Diaphanes #8/9 looks into curious loops of reproduced present, the integral of circular I-effects, the other side of the social Möbius strip.
Is the self nothing but an echo? An effect without cause? The human being a message, an autoreply in the jargon of social-memes? Who or what massages the backchannel so astoundingly self-similarly, like an invisible hand?
Tom McCarthy makes a plea for the inauthentic, for an ethics without subjects. Shengze Zhu tells of intimacy and loneliness in the livestreaming communities of China, and Zoran Terzić asks about strategies against grand generalization by generic rationality. Christopher Meerdo consigns Bin Laden's visual digital archive to an artificial intelligence. Mohamed Almusibli dives into the chasm of origin and destiny. Kai van Eikels has his Eribon moment. A.L. Kennedy tells you what an author can do. Marlene Streeruwitz researches instead of building cabins to think in. N.N. assembles diffuse scripts behind a hash function.
This double issue receives fake signals, listens out for the high whistle of analogue resonance, couples the one with the other, and fiddles with the author-function.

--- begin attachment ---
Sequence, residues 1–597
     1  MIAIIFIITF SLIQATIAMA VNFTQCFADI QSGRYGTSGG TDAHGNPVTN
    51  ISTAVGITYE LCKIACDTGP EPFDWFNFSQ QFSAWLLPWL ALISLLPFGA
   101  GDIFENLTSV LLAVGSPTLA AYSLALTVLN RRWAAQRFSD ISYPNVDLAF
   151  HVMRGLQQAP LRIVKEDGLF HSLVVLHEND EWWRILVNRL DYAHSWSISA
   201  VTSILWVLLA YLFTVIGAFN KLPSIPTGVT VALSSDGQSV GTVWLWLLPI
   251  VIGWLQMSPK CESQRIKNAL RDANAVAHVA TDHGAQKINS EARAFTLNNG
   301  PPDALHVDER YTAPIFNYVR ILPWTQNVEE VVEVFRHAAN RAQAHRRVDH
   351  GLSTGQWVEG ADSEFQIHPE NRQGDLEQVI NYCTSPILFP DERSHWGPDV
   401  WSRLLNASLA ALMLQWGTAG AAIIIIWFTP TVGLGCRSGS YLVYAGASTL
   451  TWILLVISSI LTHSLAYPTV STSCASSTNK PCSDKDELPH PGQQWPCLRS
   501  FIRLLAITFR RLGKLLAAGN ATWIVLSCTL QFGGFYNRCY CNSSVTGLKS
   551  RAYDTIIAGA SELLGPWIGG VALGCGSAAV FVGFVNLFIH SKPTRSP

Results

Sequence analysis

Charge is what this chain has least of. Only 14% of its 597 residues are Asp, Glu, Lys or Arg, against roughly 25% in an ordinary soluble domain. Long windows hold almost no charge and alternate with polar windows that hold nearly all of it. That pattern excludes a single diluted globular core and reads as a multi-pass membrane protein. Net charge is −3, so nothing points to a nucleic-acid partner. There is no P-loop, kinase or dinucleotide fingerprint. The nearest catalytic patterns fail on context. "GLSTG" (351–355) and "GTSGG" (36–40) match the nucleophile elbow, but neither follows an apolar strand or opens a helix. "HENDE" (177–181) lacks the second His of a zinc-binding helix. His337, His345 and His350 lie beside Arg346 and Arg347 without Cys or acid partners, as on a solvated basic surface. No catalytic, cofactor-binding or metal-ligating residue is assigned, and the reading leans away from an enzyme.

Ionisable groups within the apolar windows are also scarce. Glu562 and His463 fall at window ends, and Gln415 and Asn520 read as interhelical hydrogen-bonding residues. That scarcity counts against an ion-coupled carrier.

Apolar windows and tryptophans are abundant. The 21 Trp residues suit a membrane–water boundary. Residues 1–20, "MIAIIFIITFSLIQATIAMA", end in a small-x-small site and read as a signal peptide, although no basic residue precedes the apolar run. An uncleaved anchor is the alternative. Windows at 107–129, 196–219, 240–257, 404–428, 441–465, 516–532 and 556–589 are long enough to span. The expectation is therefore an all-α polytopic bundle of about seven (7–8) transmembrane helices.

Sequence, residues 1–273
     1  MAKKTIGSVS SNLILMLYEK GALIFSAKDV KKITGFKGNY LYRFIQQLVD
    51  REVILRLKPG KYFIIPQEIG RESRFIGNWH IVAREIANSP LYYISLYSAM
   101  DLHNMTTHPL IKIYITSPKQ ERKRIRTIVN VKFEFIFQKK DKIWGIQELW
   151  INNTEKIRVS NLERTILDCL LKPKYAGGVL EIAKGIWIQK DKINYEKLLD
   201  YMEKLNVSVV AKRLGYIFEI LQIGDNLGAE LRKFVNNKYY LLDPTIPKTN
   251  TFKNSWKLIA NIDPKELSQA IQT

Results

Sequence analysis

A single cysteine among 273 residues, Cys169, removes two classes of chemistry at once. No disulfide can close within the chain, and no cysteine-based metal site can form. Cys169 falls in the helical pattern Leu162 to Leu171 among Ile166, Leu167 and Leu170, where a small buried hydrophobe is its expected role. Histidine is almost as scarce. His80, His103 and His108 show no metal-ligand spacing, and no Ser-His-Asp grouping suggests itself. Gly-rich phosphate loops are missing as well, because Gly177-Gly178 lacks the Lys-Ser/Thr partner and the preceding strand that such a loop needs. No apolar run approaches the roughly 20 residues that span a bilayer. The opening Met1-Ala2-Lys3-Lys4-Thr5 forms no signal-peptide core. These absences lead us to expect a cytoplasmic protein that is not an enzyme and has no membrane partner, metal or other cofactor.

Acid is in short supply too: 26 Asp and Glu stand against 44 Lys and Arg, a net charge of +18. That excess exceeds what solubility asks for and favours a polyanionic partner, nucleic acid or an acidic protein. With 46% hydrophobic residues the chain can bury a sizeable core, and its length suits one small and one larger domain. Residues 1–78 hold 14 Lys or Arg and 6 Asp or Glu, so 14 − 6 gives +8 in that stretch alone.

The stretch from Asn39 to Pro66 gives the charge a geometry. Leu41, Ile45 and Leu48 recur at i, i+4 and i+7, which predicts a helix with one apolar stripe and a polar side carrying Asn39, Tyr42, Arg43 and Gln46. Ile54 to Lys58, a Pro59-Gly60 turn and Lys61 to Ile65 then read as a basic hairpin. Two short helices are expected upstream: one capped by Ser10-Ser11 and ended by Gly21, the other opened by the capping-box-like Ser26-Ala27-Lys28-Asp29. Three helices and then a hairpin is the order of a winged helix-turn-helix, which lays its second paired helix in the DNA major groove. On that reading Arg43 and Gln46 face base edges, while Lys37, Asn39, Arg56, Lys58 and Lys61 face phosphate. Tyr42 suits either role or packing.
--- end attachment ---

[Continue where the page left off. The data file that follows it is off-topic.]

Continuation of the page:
With a 48 pages special publication, One Hundred Thousand Words in Search for an Author:
50 years after Michel Foucault's visionary questioning of the primacy of the author-function, and in the face of rapidly changing cultures of writing and reading, internationally acclaimed authors were invited to take part in a playful and highly productive experiment: the writing of a text in the first person singular, arbitrarily but strictly limited to exactly 1000 words. The texts are presented and published without the author's name. Whether fictional or auto-fictional, they are in the best sense great literature in condensed form. With a photographic series specially conceived by Julian Roeder.
Conceived in the framework of the prestigious transversal and multidisciplinary editorial program of the eponymous publishing house, Diaphanes is a quarterly multi-language magazine with a focus on contemporary art, critical discourse, and multilingual fiction. Open for the plurality of all forms of imagination and knowledge, Diaphanes Magazine connects an interest in current tendencies with deep-rooted research, the power of fiction with nuanced judgment, aesthetic excitability with essayistic sharpness, journalistic independence with a certain enjoyment of irritation and controversy. Equally committed to art and thought, critique and production, Diaphanes wishes to correlate positions that seek new politics of text and image in the face of conformist regimes of meaning, and to contribute to a renewal of the means of critical apprehension and aesthetic sensibility given an increasingly opaque reality.